The company last month reported global revenue of $11.5 billion.
"We were indeed very profitable and doing more than our fair share in contributing to the company," Compaq Asia-Pacific Vice President Paul Chan said at a press briefing. Chan said 58 percent of the quarter's sales were generated outside the United States.
Japan led the way, up 36 percent compared with the fourth quarter of 1999, followed closely by Asia-Pacific, which rose 26 percent year over year.
Latin America grew 24 percent; greater China came in at 16 percent; North America sales were up 10 percent; and Europe grew 3 percent.
For fiscal year 2000, Compaq Asia-Pacific's revenue totaled $2.5 billion, up 23 percent from 1999, Chan said. This represents almost 6 percent of Compaq's global sales of $42.4 billion.
Operating profit for Asia-Pacific was also said to be up 46 percent from a year ago.
"We have to focus on revenues beyond the box," Chan said when asked how Compaq hoped to retain its market position in Asia-Pacific. "The fact is, we're not only in PC boxes and devices, but also in selling services and delivering content."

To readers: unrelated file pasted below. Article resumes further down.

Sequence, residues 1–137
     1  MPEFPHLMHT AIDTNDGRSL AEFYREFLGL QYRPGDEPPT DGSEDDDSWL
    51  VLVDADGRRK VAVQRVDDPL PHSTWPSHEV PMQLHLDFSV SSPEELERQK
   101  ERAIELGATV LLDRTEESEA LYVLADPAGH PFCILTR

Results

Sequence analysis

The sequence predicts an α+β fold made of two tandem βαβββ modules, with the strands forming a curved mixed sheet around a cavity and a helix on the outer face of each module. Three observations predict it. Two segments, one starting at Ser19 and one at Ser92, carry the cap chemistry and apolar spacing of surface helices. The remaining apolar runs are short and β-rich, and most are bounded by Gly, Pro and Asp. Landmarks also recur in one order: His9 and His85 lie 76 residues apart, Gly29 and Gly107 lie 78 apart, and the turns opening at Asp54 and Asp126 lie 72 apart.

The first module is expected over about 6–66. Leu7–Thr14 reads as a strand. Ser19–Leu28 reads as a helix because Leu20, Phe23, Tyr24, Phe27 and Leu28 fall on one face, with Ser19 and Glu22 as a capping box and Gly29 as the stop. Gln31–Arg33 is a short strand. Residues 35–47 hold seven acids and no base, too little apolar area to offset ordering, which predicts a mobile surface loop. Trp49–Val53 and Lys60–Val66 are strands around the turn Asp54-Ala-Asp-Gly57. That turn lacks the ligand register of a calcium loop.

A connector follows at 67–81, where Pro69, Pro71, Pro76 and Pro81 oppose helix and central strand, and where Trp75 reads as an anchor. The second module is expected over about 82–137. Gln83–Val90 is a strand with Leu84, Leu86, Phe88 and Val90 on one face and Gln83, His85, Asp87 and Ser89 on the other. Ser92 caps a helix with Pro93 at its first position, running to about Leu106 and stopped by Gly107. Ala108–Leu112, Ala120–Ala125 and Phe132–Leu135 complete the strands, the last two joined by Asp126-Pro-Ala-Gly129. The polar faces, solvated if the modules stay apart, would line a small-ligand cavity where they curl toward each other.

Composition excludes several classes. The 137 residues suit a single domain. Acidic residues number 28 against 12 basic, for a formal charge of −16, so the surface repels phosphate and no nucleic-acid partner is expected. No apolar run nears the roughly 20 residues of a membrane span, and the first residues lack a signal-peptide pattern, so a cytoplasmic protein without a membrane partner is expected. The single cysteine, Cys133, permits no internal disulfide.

This was reflected in the performance of the company's business units, he said. Compaq's consumer unit grew 103 percent for the year, "propelled by the adoption of our new Presario PCs across the region," Chan said. Meanwhile, the Intel server unit was up 64 percent in 2000; business-critical servers were up 24 percent; the commercial group grew 15 percent; storage unit sales were up 4 percent, and global services grew by 2 percent.
Korea was Compaq's biggest market in the region, growing 120 percent for the year. India came in second, up 56 percent.
Singapore.CNET.com's Michelle Tan reported from Singapore.